Use this URL to cite or link to this record in EThOS: https://ethos.bl.uk/OrderDetails.do?uin=uk.bl.ethos.789206
Title: Hepcidin regulation in chronic kidney disease
Author: Rumjon, Adam Ryad
ISNI:       0000 0004 8500 1220
Awarding Body: King's College London
Current Institution: King's College London (University of London)
Date of Award: 2019
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Abstract:
Iron homeostasis in man is tightly regulated by a 25-amino-acide peptide hormone (hepcidin) that is produced in the liver in response to inflammatory stimuli and iron loading. Its main role is thought to be part of the innate immune system, restricting iron delivery to infectious microorganisms, and as a consequence, reducing iron availability for erythropoiesis in the host. The anaemia associated with chronic kidney disease (CKD) is known to be in part due to relative erythropoietin deficiency, and we also now know that excess hepcidin is one of the reasons that dietary iron is less well absorbed in these patients, necessitating the administration of intravenous iron. We know that haemodialysis patients in particular have elevated hepcidin levels, although the precise mechanisms remain unclear. Characterisation of hepcidin levels in a number of CKD cohorts, including non-dialysis and dialysis-CKD patients, confirm that patients receiving haemodialysis have the highest levels, and that a considerable degree of day-to-day variability exists that is not completely explained by the regular administration of intravenous iron. An approach designed to measure hepcidin production using 'HAMP' gene expression levels in circulating peripheral blood mononuclear cells found that patients with the highest circulating hepcidin levels had the lowest degree of 'HAMP' expression, suggesting the presence of a negative feedback mechanism. Although bacterial sepsis is an extremely powerful driver of hepcidin production, haemodialysis patients do not appear to be able to mount an increased hepcidin response under such conditions, raising the possibility that their hepcidin burden is maximised. It is therefore possible that the role of inflammation in this context may not be as significant as the role of reduced hepcidin clearance, or the role of iron loading. In contrast, inflammation is probably a major driver of hepcidin induction in those who develop an acute kidney as a result of ANCA-associated vasculitis or a crescentic glomerulonephritis. Hepcidin expression was suppressed following the use of dexamethasone in a cellular hepatocyte model, and this was partly IL-6 dependent. In a pilot study examining the aforementioned patient groups, hepcidin levels were elevated at presentation and were markedly reduced following treatment with intravenous methylprednisolone. The glucocorticoid-induced suppression of hepcidin in both in vitro and in vivo settings suggests this as a pathway for the improvement in anaemia seen in inflammatory conditions following steroid therapy.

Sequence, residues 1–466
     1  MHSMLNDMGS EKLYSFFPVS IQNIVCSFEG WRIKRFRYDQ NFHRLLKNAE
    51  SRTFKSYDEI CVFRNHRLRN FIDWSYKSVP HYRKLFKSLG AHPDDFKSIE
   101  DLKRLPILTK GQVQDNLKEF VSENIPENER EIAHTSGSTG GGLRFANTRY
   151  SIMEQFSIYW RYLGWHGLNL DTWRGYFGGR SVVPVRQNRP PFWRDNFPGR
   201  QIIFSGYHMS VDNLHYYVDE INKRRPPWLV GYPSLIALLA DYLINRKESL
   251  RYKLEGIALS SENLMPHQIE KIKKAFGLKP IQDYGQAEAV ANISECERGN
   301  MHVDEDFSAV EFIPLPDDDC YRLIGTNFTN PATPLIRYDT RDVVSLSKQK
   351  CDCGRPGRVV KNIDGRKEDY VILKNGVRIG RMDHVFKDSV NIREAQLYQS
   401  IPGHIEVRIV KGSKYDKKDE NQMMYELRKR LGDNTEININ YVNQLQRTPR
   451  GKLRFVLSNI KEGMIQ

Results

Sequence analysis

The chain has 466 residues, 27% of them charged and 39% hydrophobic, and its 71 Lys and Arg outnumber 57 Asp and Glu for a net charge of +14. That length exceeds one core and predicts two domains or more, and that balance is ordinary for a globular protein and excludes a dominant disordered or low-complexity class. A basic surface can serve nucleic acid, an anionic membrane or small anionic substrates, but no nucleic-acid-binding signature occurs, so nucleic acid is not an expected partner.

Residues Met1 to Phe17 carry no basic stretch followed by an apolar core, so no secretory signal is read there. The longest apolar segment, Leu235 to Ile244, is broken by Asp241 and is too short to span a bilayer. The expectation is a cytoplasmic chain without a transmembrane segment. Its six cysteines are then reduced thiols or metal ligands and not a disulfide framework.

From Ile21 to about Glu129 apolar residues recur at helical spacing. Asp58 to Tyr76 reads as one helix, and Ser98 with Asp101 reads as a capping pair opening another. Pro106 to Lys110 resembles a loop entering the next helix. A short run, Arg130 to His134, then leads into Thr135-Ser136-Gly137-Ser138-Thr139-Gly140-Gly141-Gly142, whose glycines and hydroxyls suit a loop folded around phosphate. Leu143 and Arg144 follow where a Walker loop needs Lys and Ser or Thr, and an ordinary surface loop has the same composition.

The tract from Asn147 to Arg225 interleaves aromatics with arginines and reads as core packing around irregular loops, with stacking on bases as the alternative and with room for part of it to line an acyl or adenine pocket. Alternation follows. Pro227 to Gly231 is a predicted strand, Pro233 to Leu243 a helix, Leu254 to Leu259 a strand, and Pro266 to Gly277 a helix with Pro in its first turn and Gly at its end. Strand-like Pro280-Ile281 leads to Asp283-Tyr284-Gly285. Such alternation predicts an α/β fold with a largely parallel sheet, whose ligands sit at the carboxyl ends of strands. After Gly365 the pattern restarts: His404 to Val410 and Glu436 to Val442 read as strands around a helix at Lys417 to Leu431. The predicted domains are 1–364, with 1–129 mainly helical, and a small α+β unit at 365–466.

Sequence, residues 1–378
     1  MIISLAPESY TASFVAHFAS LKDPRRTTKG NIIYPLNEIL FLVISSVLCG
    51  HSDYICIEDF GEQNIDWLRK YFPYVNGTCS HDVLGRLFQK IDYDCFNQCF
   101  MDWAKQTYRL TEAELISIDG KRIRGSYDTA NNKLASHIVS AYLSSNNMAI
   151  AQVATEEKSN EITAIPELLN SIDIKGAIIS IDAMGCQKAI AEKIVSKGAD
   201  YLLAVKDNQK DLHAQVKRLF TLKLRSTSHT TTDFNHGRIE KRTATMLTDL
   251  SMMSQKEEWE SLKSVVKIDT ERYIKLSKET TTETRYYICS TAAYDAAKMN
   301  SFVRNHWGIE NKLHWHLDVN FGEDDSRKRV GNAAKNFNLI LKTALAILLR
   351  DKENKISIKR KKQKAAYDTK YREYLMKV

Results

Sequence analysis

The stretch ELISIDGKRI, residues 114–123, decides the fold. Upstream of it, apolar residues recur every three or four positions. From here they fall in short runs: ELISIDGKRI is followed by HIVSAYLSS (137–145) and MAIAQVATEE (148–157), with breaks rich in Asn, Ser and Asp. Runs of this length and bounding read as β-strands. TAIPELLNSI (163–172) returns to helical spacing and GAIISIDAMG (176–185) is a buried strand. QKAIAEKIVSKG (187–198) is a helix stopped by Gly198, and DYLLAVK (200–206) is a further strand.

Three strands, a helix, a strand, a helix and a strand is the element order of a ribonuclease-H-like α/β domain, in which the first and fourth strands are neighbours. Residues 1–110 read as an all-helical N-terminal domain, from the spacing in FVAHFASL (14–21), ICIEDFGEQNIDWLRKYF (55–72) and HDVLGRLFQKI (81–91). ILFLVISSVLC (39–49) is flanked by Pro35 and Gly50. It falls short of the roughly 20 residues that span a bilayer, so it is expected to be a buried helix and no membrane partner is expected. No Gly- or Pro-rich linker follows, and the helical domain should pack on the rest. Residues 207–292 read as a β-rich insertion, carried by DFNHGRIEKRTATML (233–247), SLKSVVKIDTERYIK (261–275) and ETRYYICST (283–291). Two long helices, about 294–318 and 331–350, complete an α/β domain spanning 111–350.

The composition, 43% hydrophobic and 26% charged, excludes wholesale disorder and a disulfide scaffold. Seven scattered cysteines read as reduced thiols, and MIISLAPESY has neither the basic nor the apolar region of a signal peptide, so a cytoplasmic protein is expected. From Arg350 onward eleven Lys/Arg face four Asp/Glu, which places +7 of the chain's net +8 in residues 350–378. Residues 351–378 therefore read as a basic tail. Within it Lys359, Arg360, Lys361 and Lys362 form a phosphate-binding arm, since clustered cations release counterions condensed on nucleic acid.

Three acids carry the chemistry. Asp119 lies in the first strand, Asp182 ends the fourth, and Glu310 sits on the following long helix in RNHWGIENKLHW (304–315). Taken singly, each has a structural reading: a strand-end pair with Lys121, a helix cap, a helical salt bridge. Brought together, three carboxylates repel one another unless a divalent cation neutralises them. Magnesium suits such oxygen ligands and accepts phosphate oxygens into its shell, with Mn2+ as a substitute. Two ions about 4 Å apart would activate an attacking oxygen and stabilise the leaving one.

Supervisor: Sharp, Paul Anthony Sponsor: Not available
Qualification Name: Thesis (Ph.D.) Qualification Level: Doctoral
EThOS ID: uk.bl.ethos.789206  DOI: Not available
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